We’ve got a new President who has given us a vision of hope as a nation. We have had many “visionaries” prime our imaginations with fantastical thoughts that have sparked some of the most creative solutions to problems that face us on a daily basis.
So too is the role of a vision in the UX realm. I’m working with a client right now to develop a user experience vision for their product. And as Jared Spool (yep .. my fav go to quote guy) notes:
We’re finding having a solid vision is really key to success. Do you know what the experience of your design will be like in 5 years? In 10? Does everyone on the team share the same perception?
Fundamental truth. When everyone is marching to the beat of the same drummer towards a shared goal/vision it’s amazing the energy and quality that comes out of their work.
Convinced? Please do be. It’s going to be worth it to you in the long run. Whether it’s just your blog or a suite of software tools, having a vision will help you make the right decisions about your user experience at the incremental level (those little baby steps you take to get your stuff out there on the web :)).
As soon as you say “vision” everyone starts to think “OMG this is a big deal! We don’t have time or $$ to do something like that!”. Actually… you do. There’s no reason that creating a user experience vision has to be a long and expensive process, whatever works for you is the important part. Fit the process to your needs, not the other way ’round. I will say that the more involved or mature the product that you are dealing with the greater the level of rigor that should be applied. However, quick and sort of dirty will also get you something to work with which is better than groping in the dark.
So here’s the list – the steps if you will – of the process I’m working with. I will put the “Don’t try this at home” warning out there. There are definitely parts of this process where you may want to work with an expert to guide you. But I’m also a believer in everyone’s ability to make something their own. If you feel confident, have at it.
1. Gather Inputs
Collect as much information as possible from customers, staff (especially those guys!), current product research, etc. Wherever there is something that is relevant and sparks an idea grab it and put it in the pile. Think about where you want to be 5 or 10 years out with your user experience.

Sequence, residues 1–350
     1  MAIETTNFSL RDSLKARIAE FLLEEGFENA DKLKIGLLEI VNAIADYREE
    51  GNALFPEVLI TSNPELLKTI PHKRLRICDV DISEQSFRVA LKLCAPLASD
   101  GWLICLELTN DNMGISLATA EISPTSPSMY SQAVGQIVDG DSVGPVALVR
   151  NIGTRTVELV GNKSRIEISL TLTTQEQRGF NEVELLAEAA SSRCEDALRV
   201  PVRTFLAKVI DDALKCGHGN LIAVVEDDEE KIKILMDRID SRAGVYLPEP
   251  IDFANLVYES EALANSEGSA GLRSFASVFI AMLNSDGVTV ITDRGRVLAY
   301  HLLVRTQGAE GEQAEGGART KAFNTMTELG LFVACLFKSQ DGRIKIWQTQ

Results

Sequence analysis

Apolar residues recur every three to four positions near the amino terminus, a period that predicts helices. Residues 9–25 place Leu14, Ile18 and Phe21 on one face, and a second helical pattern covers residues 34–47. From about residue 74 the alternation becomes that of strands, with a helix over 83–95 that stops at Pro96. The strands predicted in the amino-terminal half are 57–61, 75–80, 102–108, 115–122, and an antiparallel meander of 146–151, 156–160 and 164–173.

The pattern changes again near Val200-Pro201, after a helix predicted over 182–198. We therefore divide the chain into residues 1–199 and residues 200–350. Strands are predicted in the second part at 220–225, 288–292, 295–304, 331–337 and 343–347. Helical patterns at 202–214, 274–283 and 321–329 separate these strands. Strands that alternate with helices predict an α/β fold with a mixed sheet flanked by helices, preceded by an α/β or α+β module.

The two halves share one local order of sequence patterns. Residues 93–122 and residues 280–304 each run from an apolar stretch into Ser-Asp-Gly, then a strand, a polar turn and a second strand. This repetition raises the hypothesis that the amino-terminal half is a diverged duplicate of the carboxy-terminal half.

2. Define Principles and Priorities
What are your buisness goals or product goals? Use these to prioritize your thinking, for instance, what is more important time to market or quality of interaction?
Define what your principles are. What values do you stand upon for your business? Is transparency an important value? In many cases these values can be directly translated to guiding principles for your user experience. This is one of those items where you may want to get some help from a UX person. They can help you translate your principles into UX principles.
3. Define the Vision
Using your principles and priorities as filters for your inputs, create a sentence or expression that defines what you want to achieve. Here’s a great example from Google that they used for developing their new browser – Chrome:
Content not chrome
In the long term, we think of Chromium as a tabbed window manager or shell for the web rather than a browser application. We avoid putting things into our UI in the same way you would hope that Apple and Microsoft would avoid putting things into the standard window frames of applications on their operating systems.
The tab is our equivalent of a desktop application’s title bar; the frame containing the tabs is a convenient mechanism for managing groups of those applications. In future, there may be other tab types that do not host the normal browser toolbar.
Light, fast, responsive, tactile
Buy-in for a vision is critical. If you make it they won’t necessarily follow. Make sure that whomever is going to participate in creating your user experience has an opportunity to review the vision you have defined. This is an opportunity to gather straggler ideas for input, and provides a litmus test to be sure that the inputs were correctly translated into a vision that is understood by all.
If need be, integrate additional thoughts and regenerate the vision.
5. Document, Publish and Evangelize
Once you have a vision that you’re on board with you’ll want to document it in a way that communicates the vision and potentially create a model that SHOWS the vision. There are a bunch of ways to do this, I have seen everything from a back-of-the-napkin sketch to full blown flash demo’s that depict the desired result. The key is something that everyone in the organization can point to and say “that’s where we’re going” and they truly understand it. For one of the BEST examples of this take a look at the Apple vision video:
The Knowledge Navigator concept piece by Apple Computer (1987)
inspired by the earlier “dynabook” vision and work of Alan Kay
And finally… Evangelize, evangelize, evangelize. Keep the vision front and center at all times and work towards it with EVERY decision that is made, from where to put your buttons to the look and feel for your product.
Hope you find great success with this, and as always, please keep me posted about your results!